CEOs don't have the easiest jobs in the world. Being responsible for leading an organization with needy employees, unreasonable suppliers, and impatient shareholders who all demand perfection can certainly be a daunting task. It ain't for the faint of heart.
While back in the good 'ol dot-com boom days, CEOs got more attention than rock stars just for showing up to work wearing a clean, pressed suit, times have indeed changed. The images of Enron and WorldCom executives being carted away in handcuffs undoubtedly changed how investors view the corporate chief.
With eye-popping pay packages being the norm now, for CEOs it's either produce the numbers or make room for the next candidate. Good example: Shareholders didn't show any mercy for Merrill Lynch
Alas, some companies seem to need a little reminding about the blunders of their CEOs. A bobble here and there is one thing, but these CEOs have gone beyond corporate boneheadedness and should be shown the door soon. Let's take a look.
Candidate No. 1
Angelo Mozilo -- Countrywide Financial
Sure, the mortgage market is facing unprecedented rough times, but this guy has pushed the limits. Mozilo didn't seem to realize that the blatant real estate boom would ever come to an end, failing to put safeguards in place and leaving the nation's largest mortgage company struggling to tread water. As Warren Buffett has quipped, "When the tide goes out, you find out who has been swimming naked." Mozilo has been caught skinny-dipping.
While a total demise of Countrywide seems unlikely, shareholders deserve a more ethically responsible leader during these tough times.
Contestant No. 2
James Tobin -- Boston Scientific
At least he's honest. Before the monumental purchase of Guidant last year, Tobin warned the board of directors, "We're going to pay a lot of money for Guidant, and then we're going to wake up and discover we have a company with a lot of problems. And everyone will be wringing their hands and crying: 'My God, what have these guys done?' "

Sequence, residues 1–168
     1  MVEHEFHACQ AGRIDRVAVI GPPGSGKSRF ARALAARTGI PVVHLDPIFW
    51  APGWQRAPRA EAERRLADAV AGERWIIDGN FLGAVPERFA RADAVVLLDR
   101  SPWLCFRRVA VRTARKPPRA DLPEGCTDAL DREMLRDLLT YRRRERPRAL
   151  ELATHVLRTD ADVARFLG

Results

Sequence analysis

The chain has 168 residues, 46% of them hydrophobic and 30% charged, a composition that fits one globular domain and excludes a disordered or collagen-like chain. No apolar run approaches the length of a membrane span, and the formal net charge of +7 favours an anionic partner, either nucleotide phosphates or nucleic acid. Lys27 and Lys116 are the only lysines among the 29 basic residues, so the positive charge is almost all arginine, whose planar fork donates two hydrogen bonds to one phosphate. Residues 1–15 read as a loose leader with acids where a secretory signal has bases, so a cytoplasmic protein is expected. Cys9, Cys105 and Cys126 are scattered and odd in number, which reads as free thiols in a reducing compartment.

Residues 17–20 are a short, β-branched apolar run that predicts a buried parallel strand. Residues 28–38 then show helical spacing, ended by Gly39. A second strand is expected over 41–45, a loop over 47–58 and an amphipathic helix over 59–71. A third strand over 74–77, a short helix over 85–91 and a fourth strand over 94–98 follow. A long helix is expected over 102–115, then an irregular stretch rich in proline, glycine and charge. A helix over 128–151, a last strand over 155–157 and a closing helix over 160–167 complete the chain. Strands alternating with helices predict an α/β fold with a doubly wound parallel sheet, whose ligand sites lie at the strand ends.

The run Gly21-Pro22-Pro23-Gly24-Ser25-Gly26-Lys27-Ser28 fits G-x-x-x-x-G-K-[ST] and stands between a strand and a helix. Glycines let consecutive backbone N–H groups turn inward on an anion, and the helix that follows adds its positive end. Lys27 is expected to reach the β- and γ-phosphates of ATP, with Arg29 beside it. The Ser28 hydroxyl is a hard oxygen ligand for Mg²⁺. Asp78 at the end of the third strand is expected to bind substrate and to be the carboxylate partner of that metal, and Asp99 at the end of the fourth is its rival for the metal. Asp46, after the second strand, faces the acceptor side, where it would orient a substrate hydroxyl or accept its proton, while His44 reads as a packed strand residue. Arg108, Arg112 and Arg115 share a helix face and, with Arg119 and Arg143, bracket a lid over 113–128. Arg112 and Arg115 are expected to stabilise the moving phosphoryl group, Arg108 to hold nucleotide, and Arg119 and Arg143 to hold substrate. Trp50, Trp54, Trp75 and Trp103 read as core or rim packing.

Talk about creating your own destiny. The bidding war Tobin engaged in with Johnson & Johnson
Conundrum No. 3
John Mackey -- Whole Foods
Buffett said it best. "Your reputation takes a lifetime to create, and five minutes to destroy."
Mackey did an incredible job growing Whole Foods into a gourmet health-food behemoth, but his being caught last summer promoting his company's success on Yahoo! message boards while trashing competitor Wild Oats -- a company Whole Foods was in the process of purchasing -- perhaps gives a new meaning to the word "unethical."
Sure, his childish acts were in the name of shareholder success, but it also proved how shady this guy can be. What's next? Incognito appearances at a competitor's shareholder meetings?
I'll pass, thanks
Don't underestimate how incredibly important it is to have an honest and competent CEO running your investments. Even the greatest companies in the world can be taken down by overzealous and incapable leaders who don't put you, the shareholder, first. Remember, you're an owner of the companies you invest in. Don't settle for anything less than the best.
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Fool contributor Morgan Housel doesn't own shares in any of the companies mentioned in this article. He appreciates your questions, comments, and complaints, and will even guide the CEOs mentioned in this article to the closest unemployment claims office. Johnson & Johnson is an Income Investor pick. The Fool's disclosure policy promotes honest behavior for all.